AVONDALE, Ariz. — Ryan Blaney is no stranger to screen time, with cameos across hit movies to television series.
But never has he stood on a stage as grand as he did Sunday night at Phoenix Raceway, hoisting the Bill France Cup as the 2023 NASCAR Cup Series Champion.
The 29-year-old offered the best performance of his career in the Arizona desert when the moment mattered most. Vocal frustration about his competitors rang through his radio waves. Physical gestures — with both hand and car — shared the sentiment. But the climax of Sunday’s made-for-Hollywood movie was set through a phenomenal battle with Kyle Larson, one of motorsports’ best, going door-to-door and trading positions lap after lap with stock-car glory at their fingertips.
And when the checkered flag fell, no star was shining quite as brightly as Blaney.
“I think his limits are the sky, to be honest with you,” team owner Roger Penske said. “He gets in that class with (former IndyCar driver Rick) Mears. He’s a soft-spoken guy, really, but when he gets behind the wheel, like Joey (Logano), when he puts his hat on, don’t get in his way. I think he showed that today.”
“He’s only getting better and better. He’s got the confidence. He’s a leader. He’s a winner and a champion. Once you have that — it’s so hard to get there. I don’t think any of us realize him personally in the last 20 or 30 laps when he had to pass a couple of guys to get the championship; that shows his true mettle. He’s got a long way to go, a long way.”
The spotlight is not new for Blaney, who has appeared in guest roles in silver-screen hits like “Logan Lucky” and “Cars 3” in addition to television shows like “Taken,” “Magnum P.I.” and Netflix sitcom “The Crew.”
That stems from a continuation of decisions he has made previously to grow his brand while also growing NASCAR. A championship may provide more potential to do more of both.
“I’m excited to have those opportunities. I really look forward to facing them head-on,” Blaney said. “I feel like if you get the privilege to be a champion of your sport, it is part of your job to promote your sport and do the best you can to be the best champion that you can.”
“I’ll be honest with you; that’s a responsibility I really haven’t thought about yet. I think that’s going to kind of dawn on me in the following days. I think it’s part of your job to kind of, hey, embrace it, push the sport. You have this awesome platform now to where you’ve done something incredible; use that, promote the sport.”
“I’m excited to see what happens this offseason, see what comes up, to where you’re not only growing yourself, you are growing the sport of NASCAR as well. Someone asked me earlier (about) the Netflix deal that’s happening right now. I’ve worked with them a lot through the playoffs. They’ve got a lot of inside stuff. I think that’s another big thing of promoting the sport in a positive way to a certain audience or a brand-new audience.”
Blaney and a number of his contemporaries — Larson, William Byron, Chase Elliott, Bubba Wallace and Chris Buescher, among others — were part of the sport’s concentrated push to bring younger faces to the forefront some five years ago, with superstars like Dale Earnhardt Jr., Tony Stewart, Jeff Gordon and other legends who retired in the span of a couple of years.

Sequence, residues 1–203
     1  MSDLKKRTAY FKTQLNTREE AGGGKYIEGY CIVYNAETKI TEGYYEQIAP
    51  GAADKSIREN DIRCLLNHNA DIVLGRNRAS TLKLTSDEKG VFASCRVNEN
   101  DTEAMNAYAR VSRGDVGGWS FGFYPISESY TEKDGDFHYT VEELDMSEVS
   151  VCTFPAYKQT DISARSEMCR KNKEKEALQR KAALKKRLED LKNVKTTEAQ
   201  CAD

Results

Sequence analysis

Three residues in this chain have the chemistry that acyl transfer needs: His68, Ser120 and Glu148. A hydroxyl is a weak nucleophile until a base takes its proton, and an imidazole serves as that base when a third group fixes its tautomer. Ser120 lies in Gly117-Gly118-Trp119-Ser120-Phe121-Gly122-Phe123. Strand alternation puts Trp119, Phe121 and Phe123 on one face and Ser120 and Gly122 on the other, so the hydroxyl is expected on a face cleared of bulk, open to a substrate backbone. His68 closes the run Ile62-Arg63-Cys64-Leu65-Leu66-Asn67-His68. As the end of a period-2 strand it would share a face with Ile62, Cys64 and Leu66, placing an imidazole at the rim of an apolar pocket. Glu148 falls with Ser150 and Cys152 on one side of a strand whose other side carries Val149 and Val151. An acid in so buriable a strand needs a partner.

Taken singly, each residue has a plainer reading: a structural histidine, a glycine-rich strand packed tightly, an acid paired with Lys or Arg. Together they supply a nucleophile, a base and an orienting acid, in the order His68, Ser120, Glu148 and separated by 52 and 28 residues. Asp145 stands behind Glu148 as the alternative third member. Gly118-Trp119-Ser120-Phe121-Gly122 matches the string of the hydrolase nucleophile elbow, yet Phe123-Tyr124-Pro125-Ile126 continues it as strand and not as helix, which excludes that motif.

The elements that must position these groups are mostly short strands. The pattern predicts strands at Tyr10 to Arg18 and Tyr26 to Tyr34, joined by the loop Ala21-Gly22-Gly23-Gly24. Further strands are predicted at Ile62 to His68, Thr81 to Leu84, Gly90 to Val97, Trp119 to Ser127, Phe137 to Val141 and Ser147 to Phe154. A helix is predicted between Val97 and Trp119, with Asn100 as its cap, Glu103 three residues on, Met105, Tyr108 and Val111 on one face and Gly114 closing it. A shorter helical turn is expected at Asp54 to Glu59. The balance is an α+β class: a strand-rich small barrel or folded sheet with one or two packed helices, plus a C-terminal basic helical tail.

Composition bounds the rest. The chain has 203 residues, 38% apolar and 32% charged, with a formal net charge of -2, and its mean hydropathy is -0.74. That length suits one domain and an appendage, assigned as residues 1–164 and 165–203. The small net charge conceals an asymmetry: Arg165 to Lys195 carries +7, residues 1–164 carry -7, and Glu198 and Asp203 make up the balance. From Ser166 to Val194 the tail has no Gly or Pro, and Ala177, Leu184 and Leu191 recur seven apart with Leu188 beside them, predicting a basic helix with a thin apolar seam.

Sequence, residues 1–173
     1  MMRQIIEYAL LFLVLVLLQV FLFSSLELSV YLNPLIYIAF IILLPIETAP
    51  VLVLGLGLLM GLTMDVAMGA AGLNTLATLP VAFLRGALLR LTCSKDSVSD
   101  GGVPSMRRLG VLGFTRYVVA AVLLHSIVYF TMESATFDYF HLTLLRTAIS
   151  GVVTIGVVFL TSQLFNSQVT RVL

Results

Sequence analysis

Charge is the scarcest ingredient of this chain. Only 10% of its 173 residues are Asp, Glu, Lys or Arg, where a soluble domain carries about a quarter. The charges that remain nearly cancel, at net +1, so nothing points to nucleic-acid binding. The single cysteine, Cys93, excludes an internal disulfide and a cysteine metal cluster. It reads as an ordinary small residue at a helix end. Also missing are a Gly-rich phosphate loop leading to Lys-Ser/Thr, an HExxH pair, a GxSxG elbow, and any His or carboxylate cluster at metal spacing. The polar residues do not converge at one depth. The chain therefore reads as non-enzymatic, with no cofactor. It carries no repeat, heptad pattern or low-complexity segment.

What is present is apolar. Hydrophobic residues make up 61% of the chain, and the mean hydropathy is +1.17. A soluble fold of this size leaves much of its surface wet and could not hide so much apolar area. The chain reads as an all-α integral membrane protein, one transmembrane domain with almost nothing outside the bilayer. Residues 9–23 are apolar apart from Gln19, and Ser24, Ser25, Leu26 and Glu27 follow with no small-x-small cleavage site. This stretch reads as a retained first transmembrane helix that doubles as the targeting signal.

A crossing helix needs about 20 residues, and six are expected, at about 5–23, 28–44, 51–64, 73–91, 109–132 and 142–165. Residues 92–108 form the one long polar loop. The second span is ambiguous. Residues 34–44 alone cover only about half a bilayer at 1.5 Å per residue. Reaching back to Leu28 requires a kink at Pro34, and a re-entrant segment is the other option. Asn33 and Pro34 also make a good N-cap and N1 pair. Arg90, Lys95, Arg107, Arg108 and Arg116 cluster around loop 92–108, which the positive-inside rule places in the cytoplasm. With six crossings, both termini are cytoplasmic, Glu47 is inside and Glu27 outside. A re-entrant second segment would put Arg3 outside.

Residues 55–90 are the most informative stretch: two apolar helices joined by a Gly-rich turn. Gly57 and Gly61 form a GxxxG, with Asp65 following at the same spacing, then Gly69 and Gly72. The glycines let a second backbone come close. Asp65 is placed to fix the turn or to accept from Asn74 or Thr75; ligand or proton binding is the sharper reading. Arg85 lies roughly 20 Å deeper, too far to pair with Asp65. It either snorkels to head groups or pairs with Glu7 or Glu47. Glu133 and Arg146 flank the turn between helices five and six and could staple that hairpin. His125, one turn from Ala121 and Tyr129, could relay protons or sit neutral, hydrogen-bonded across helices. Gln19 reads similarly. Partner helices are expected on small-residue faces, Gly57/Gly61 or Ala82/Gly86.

It was early in each driver’s Cup career, unproven yet at the sport’s highest levels despite varying levels of high-powered success in prior racing ventures.
“Some guys got a little hurt about that,” Blaney reflected Sunday.
Circumstances have proven those premonitions correct. Blaney, Larson and Elliott have combined to win three of the last four NASCAR Cup Series championships, dating back to Elliott’s triumph in 2020. Byron joined Blaney, Larson and 28-year-old Christopher Bell in the Championship 4. Buescher and Wallace both fought into the playoffs this season, with Buescher advancing to the Round of 8 and Wallace to the Round of 12.
In five years’ time, their potential is being realized under the brightest of lights, highlighted now by Blaney’s championship.
“It’s nice that these younger drivers, the newer guys, are succeeding in their own way and being able to have championships and wins,” Blaney said. “For a fan base to grow up with that driver in their mid- or late-20s, it’s something I think people can latch onto.”
“Obviously, now it’s easy for me to look back at that marketing campaign; they knew what they were doing (smiling). But you never know how it’s going to work.”
Turns out it’s working quite well.
The oldest of the last three champions is Logano, Blaney’s 33-year-old Team Penske teammate who claimed his second Cup title a season ago. Blaney is 29, Larson 31 and Elliott 27.
What’s next is to see whether Blaney can transcend the NASCAR space as few others before him have, like Earnhardt Jr. and Gordon. Elliott is the five-time defending Most Popular Driver, but can Blaney’s hot hand translate to more screen time? Only time can tell — but optimism is high after Championship No. 1.